Traveling abroad can be a stressful experience that may exacerbate a medical condition. It is important that the GCN Team Leader who travels with the trip participants is aware of any medical conditions or special needs a trip participant may have. For this reason we ask trip participants to indicate on the trip application any medical condition of which GCN and the GCN Team Leader should be aware.

All allergies, dietary needs, medications, etc., must be managed by the trip participant. Family stay placements are not based on consideration of medical or dietary conditions.

GCN reserves the right to cancel a trip participant who does not disclose a medical diagnosis on his/her trip application or whose medical condition or special needs cannot be accommodated appropriately on the trip; cancellation fees apply.

Zika virus (2016)

Given the concern that some of our travelers have expressed about the Zika virus outbreak, we felt it was important to provide you with more information concerning how it may affect your program.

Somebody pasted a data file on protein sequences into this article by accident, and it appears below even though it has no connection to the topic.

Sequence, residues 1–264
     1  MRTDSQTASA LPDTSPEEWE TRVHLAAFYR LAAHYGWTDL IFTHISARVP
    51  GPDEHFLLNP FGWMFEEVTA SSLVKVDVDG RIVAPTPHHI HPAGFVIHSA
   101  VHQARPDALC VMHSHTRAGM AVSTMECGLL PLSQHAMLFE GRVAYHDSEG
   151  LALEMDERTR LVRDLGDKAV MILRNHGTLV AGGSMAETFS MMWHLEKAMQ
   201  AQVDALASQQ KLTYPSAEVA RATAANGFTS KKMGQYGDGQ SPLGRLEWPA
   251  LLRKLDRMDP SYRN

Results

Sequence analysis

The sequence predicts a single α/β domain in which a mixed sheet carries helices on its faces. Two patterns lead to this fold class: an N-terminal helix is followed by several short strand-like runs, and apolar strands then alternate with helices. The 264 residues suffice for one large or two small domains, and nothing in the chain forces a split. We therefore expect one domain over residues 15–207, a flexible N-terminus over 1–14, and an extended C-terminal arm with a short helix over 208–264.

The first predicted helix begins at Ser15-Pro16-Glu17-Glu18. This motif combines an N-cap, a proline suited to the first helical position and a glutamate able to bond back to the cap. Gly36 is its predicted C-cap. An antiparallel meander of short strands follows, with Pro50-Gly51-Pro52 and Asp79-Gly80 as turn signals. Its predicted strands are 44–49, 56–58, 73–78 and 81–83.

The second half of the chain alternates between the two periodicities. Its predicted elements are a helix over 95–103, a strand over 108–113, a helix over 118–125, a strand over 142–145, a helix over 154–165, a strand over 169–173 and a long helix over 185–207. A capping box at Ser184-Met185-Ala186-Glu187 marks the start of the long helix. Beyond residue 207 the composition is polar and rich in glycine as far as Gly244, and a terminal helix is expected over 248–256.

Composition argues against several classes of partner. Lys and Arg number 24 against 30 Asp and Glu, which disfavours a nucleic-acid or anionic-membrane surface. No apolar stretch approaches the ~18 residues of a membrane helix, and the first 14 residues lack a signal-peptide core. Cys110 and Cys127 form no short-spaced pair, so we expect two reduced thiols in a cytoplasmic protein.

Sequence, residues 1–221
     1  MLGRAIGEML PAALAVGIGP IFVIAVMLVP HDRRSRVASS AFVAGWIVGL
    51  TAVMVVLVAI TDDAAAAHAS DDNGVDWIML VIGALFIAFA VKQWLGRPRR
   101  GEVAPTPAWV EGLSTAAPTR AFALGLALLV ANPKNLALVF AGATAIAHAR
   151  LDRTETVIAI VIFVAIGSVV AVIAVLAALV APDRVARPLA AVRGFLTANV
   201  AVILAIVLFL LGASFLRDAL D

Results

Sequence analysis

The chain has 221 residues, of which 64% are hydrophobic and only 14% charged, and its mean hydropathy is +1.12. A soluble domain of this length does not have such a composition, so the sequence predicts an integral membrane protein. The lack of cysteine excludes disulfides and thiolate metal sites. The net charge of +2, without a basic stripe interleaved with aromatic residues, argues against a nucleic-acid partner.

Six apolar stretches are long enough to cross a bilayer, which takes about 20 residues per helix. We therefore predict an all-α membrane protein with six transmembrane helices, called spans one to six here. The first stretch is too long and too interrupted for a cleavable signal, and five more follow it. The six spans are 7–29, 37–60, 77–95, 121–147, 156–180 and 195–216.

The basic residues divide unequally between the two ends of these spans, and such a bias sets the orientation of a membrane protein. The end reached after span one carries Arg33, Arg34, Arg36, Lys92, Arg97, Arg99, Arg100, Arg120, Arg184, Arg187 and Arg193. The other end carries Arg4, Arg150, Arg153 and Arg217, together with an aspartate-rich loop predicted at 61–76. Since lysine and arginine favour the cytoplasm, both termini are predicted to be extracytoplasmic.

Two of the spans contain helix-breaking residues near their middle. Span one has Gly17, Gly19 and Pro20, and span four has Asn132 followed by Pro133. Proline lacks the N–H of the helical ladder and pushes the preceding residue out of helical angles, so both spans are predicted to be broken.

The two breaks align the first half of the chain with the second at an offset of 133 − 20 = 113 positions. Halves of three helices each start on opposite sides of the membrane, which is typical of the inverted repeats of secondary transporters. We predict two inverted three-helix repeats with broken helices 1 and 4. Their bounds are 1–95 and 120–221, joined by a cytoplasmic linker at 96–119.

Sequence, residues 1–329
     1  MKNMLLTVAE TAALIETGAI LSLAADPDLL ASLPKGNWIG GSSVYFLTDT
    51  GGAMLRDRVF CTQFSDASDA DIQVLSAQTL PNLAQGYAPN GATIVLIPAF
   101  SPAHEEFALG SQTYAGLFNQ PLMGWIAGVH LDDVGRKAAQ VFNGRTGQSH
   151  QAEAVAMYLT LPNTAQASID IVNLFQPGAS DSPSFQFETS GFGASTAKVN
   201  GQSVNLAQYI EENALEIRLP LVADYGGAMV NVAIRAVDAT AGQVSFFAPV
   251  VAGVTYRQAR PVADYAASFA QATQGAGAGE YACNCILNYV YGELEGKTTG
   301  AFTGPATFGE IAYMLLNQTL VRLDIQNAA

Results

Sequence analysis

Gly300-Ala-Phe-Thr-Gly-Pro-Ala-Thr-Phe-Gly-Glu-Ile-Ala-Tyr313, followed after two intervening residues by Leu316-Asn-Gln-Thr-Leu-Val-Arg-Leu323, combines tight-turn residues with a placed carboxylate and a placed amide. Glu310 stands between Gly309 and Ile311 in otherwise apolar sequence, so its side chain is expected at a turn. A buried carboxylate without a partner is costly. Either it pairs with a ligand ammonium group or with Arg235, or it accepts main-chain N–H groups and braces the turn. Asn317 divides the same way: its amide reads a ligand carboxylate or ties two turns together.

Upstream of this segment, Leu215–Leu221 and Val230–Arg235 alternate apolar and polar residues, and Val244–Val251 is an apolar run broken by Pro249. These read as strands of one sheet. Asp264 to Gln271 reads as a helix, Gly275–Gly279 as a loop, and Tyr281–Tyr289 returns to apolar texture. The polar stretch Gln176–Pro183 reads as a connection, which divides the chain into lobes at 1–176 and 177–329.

The Zika virus is spread through mosquito bites and in some, but not all cases, produces mild symptoms like fever, rash, joint pain and conjunctivitis. Very rarely are symptoms severe enough to require hospitalization. The Centers for Disease Control (CDC) have recommended that pregnant women and women who are trying to become pregnant take special precautions since it is suspected to be the cause of severe birth defects in babies born to mothers who contracted the virus while pregnant. You can find more information about the virus on the CDC website: wwwnc.cdc.gov/travel/page/zika-information.